2 thoughts on “Do Law Schools Cook Their Employment Numbers?”

  1. These lawsuits should be a slam-dunk in favor of the plaintiffs, and here’s why. The general principle that fuels truth-in-advertising is that no guarantees are made, but there is honesty about the contents or the prospects for use of the good or service.

    Campbell’s soup cannot claim that its soups “cure” Cancer. However, it can fairly claim that its tomato soup may be helpful in reducing the risk of Prostate Cancer because studies show that diets high in tomatoes are closely correlated with reduced Prostate Cancer rates. If a regular consumer of Campbell’s tomato soup ultimately gets Prostate Cancer, everyone knows that the consumer has no claim for fruad because there’s no implication that other factors are irrelevant.

    Law schools cannot guarantee employment, but they have an obligation to report honest statistics that allow prospective law students to assess their chances of securing various types of employment upon graduation.

    By advertising 90%+ employment rates, the law schools are essentially selling guarantees of employment – regardless of other factors that impact employability post law school graduation: grades, honors, in-school clinical experience, journal experience, first-time bar passage, prior work/community service experience, interviewing skills, culture, geography, company/firm needs, age, ethnicity, gender, sexual-orientation, letters of recommendation, etc.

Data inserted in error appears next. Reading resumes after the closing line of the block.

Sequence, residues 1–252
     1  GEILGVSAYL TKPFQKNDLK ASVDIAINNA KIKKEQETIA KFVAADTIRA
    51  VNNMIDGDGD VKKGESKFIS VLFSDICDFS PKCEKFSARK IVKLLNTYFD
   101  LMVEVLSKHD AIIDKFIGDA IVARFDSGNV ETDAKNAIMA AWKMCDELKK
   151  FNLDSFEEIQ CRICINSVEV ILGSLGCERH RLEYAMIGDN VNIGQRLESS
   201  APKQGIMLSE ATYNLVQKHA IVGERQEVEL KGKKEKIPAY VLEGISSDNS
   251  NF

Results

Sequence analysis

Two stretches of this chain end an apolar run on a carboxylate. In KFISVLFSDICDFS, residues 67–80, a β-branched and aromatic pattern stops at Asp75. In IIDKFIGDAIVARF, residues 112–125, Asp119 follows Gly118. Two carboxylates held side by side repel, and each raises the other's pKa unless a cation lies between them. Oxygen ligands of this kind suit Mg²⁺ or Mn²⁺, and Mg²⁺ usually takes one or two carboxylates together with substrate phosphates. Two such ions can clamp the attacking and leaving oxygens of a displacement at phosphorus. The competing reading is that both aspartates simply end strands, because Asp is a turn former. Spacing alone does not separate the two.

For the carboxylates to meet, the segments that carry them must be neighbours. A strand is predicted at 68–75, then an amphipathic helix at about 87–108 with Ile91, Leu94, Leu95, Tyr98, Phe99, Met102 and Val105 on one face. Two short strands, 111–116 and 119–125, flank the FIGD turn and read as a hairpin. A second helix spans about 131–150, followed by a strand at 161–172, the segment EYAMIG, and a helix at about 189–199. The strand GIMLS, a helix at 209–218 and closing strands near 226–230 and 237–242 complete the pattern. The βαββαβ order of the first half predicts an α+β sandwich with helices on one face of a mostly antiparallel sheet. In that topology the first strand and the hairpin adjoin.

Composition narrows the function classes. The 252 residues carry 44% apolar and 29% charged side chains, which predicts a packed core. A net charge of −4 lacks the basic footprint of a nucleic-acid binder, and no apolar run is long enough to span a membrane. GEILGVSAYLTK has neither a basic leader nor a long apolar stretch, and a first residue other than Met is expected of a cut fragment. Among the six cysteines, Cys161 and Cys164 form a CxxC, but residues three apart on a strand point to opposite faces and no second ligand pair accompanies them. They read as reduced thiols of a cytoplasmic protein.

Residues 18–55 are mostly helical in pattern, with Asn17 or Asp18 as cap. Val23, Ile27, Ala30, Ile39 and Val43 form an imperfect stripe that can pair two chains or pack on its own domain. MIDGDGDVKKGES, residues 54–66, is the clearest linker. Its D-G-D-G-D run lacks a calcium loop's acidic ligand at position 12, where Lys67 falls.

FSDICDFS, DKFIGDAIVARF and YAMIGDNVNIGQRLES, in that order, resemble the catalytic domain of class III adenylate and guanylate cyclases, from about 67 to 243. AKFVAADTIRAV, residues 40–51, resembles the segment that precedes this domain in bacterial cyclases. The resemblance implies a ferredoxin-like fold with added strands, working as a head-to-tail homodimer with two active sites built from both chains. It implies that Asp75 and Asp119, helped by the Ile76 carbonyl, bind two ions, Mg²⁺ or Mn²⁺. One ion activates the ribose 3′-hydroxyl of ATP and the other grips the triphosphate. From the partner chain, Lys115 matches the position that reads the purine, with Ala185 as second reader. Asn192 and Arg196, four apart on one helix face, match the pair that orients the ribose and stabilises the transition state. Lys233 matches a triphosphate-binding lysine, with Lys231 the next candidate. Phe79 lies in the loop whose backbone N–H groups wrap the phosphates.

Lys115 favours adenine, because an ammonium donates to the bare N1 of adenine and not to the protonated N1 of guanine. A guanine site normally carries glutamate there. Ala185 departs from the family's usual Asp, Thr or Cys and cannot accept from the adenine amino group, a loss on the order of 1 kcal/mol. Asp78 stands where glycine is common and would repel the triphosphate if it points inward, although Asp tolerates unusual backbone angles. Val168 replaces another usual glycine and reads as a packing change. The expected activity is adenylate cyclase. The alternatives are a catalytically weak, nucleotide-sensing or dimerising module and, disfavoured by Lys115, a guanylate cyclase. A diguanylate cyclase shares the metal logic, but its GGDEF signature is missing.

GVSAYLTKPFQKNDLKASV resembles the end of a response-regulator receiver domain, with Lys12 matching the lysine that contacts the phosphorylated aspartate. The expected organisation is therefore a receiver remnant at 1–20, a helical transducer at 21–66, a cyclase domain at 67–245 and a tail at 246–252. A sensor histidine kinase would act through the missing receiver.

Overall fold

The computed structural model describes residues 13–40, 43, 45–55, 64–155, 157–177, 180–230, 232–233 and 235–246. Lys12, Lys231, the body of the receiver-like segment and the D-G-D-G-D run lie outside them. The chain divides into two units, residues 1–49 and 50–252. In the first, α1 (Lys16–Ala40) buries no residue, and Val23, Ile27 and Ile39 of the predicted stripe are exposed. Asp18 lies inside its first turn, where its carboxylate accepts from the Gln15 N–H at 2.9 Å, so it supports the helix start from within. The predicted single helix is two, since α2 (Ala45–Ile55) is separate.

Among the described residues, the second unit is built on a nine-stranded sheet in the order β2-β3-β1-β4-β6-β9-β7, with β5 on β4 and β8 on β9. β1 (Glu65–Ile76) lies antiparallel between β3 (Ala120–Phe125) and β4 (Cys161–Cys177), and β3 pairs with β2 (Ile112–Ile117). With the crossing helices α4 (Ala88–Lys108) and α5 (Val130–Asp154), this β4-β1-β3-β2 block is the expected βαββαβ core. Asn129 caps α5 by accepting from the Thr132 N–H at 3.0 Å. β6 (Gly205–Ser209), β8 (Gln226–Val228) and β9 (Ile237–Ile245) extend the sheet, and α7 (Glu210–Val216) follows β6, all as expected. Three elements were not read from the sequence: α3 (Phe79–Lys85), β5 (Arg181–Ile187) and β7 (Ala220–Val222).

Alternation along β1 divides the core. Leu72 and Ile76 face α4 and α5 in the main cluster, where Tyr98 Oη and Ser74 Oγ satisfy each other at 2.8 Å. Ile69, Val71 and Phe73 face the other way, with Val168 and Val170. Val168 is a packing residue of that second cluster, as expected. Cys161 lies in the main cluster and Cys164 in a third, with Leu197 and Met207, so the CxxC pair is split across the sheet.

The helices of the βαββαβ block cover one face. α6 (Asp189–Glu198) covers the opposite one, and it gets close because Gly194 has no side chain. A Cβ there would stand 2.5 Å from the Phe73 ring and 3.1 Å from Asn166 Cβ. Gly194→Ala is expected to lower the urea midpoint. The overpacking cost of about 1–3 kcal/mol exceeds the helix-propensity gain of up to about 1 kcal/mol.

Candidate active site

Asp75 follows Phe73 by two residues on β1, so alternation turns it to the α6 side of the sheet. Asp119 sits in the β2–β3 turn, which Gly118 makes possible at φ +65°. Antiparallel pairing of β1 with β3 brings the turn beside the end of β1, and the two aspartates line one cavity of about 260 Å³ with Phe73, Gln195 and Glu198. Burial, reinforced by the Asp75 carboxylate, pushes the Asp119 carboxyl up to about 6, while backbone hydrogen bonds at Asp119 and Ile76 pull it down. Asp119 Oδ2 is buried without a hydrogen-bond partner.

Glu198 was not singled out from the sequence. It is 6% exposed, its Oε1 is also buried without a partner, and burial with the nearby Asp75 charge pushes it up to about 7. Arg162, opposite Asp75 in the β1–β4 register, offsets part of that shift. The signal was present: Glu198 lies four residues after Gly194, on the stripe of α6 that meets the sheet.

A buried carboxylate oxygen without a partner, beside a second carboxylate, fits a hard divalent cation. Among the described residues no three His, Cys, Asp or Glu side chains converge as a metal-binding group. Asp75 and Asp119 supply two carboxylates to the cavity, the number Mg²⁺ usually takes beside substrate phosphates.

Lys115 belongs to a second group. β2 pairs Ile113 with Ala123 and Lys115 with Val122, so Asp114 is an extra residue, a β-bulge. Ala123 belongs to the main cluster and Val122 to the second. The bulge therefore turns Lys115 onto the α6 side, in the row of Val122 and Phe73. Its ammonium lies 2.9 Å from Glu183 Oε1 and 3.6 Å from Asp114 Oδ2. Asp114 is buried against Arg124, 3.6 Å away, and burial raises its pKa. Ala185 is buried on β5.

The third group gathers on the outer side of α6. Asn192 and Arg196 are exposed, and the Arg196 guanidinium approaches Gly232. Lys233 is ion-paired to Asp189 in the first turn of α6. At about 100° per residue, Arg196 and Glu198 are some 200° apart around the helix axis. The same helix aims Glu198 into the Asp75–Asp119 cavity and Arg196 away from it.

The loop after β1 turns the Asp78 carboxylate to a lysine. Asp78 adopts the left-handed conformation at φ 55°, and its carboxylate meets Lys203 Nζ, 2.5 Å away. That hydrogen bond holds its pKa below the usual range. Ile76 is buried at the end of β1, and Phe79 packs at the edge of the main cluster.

The guarantees or virtual guarantees sold on students by the law schools get them into trouble. They continue to advertize 90%+ employment rates that they know misleads students. If they are unaware that their stats are misleading, they would openly disclose where exactly their graduates are working, reporting with no shame the “few” who work as baristas at Starbucks, wait tables or work in jobs they could have secured even without law degrees.

    The schools are lying, and they are doing so with the willful intent of fraudulently inducing students to attend their schools and incur massive debt loads in the process.

  2. NY State Supreme dismissed suit against NYLS. Apparently that law school does cook its numbers. Still haven’t weighed in on that decision? Chicken? Whipped? Gag order from your handlers?

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